Brit schools told to stop enforcing short skirt policies 'which focus on distracting male pupils and staff'

Amelia Jenkinson, chief executive of the School of Sexuality Education charity, said current policies could be undermining messages on sexual consent

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Schools should not enforce victim-blaming uniform policies on skirt length which focus on the distractions to male pupils and staff, heads have been told.

In a workshop at the Association of School and College Leaders’ annual conference, Amelia Jenkinson, chief executive of the School of Sexuality Education charity, said that current sex and relationships guidance advised that pupils should “resist pressure” when it came to sexual relationships, whereas the focus should be on how pupils should not pressure others.

“Sometimes policies or the ways in which policies are implemented can serve to undermine our messages that we want to get across on bodily autonomy and consent, for example, if skirt lengths are explained in terms of preventing distraction to boys or male teachers, which is something that we’ve occasionally had happen,” she said.

Ms Jenkinson said that receiving unwanted nudes had become “normalised” for some young people, with a survey of 557 young people after lockdown revealing that 37% of girls and 20% of boys reported they had received unwanted sexual images.

Stock image
Stock image

And 41% of girls had been asked to send a sexual image compared with 17.5% of boys.

“If it is something you’re experiencing a lot then it’s not something you’re talking about with your friends because they’re all experiencing it as well,” Ms Jenkinson said.

She added that when the charity spoke to young people about the Everyone’s Invited anti-rape campaign they spoke about it positively, with one pupil saying: “I think it’s a good thing because it brings to light such a serious thing.

“But I don’t think many people would listen to young girls or boys, it’s mainly girls who are reporting them … if it wasn’t all over the media.

“I don’t think schools or anything would listen unless there was the pressure of Ofsted or the media in general.”

Ms Jenkinson said schools should avoid using abstinence-based education methods.

“The kind of, just don’t do it, just don’t send nudes, I think can sometimes come from a really good place, because there’s often so much drama, horror stories, harm experienced through these digital sexual interactions,” she said.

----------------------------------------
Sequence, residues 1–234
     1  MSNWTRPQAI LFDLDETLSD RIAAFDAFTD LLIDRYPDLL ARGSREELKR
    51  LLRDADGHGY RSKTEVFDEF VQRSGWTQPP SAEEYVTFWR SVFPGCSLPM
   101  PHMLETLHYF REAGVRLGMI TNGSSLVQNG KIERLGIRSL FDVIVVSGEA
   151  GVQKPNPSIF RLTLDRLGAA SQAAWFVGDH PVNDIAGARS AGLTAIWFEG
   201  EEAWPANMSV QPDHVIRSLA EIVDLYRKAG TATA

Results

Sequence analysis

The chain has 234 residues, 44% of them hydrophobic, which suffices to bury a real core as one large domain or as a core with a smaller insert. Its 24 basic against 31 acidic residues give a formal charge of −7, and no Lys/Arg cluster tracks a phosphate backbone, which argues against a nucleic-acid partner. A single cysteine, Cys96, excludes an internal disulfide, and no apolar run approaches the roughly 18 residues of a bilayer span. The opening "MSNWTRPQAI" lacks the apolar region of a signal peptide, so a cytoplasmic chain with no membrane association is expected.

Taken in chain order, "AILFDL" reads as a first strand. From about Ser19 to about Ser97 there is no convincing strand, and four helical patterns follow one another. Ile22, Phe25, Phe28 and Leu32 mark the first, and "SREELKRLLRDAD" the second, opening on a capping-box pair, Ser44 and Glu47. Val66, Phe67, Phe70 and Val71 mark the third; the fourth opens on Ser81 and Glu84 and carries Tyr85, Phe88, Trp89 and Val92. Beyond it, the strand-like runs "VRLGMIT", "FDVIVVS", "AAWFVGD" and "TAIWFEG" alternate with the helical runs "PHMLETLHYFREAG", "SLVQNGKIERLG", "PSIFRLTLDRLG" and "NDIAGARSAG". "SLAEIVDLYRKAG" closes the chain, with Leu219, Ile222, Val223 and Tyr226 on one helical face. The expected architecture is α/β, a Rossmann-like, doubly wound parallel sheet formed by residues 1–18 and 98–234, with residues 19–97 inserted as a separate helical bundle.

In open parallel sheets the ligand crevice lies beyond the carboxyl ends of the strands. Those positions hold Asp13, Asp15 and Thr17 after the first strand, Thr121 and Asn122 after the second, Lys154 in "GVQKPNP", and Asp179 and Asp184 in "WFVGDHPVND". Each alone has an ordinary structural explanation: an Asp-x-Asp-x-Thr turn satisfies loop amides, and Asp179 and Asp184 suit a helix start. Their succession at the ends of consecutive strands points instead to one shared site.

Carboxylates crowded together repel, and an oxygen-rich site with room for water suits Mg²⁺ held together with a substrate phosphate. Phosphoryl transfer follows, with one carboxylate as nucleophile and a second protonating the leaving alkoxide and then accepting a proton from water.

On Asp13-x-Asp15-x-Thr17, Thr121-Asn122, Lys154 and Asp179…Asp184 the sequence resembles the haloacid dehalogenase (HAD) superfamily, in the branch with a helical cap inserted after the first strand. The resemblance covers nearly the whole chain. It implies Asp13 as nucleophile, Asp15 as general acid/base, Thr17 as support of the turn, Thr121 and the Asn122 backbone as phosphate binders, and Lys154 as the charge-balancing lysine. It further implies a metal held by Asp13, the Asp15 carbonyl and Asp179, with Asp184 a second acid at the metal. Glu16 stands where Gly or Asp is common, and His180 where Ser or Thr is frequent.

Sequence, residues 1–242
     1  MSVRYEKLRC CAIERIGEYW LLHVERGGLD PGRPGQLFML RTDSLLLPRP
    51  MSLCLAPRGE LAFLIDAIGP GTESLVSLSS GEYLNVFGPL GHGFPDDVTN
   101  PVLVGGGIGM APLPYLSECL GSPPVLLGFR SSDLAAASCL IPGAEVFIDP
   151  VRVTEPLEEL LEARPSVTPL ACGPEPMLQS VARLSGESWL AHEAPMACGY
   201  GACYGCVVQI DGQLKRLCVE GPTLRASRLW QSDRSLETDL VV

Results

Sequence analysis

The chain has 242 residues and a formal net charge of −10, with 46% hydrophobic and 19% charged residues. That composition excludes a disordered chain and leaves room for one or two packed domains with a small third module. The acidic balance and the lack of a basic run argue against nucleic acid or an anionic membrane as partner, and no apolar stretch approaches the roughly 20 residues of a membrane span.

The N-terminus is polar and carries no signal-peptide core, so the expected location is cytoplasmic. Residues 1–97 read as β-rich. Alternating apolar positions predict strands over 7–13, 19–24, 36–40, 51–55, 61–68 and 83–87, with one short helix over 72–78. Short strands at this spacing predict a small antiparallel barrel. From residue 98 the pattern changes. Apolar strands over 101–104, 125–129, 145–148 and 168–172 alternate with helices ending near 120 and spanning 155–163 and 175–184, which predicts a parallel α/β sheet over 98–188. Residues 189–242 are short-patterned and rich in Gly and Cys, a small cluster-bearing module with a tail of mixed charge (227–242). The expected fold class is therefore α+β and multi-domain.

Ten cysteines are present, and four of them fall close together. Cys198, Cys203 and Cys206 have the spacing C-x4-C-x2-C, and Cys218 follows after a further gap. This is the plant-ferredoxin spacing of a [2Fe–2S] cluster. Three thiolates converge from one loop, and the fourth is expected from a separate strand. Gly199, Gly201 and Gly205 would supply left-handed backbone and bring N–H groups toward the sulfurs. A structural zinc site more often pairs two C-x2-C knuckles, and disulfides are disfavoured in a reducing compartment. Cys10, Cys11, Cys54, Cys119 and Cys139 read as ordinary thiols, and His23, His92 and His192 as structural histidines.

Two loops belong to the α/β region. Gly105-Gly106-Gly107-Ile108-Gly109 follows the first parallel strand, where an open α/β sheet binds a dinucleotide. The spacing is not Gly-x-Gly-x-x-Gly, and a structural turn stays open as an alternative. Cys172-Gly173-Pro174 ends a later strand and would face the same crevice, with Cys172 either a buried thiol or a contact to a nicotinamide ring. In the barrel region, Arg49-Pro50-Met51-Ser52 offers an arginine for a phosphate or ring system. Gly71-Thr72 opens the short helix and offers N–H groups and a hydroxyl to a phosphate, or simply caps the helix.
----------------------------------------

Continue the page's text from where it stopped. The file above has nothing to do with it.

“But the reality is that they don’t work, that we know that young people do live their lives online now,” she said, adding that a message of “just don’t send nudes” could also prevent pupils reporting that their images had been shared without their consent over fears they would get into trouble.

Schools needed to be realistic that for pupils aged 14 to 15, they may well be sexually active and that a “common sense approach” was needed for “nude sharing or being sexually active, and that if they are, if no harm is being enacted, then it would be unlikely to be … taken anywhere serious”.

She said the charity had done research in an elite boys’ school and that one pupil had said “I’d never send images because I might be a CEO one day” which she said was “totally valid for that student”.

But she said that “the sort of reputational risk of sharing an image for that child outweighs the reward of sending one whereas that risk and reward balance might look slightly different for another child” and that more vulnerable pupils were more affected by victim-blaming language around nudes.

A report from ASCL in December 2021 showed that just over half of young people surveyed did nothing when they received unwanted sexual images.

The study involved 480 young people from across the UK, with just over half of participants, 51%, who had received unwanted sexual content online or had their image shared without their consent reporting that they did nothing.

Of the 88 girls taking part in the focus groups, 75% said they had received an image of male genitals, with the majority ‘not asked for’ or ‘unwanted’.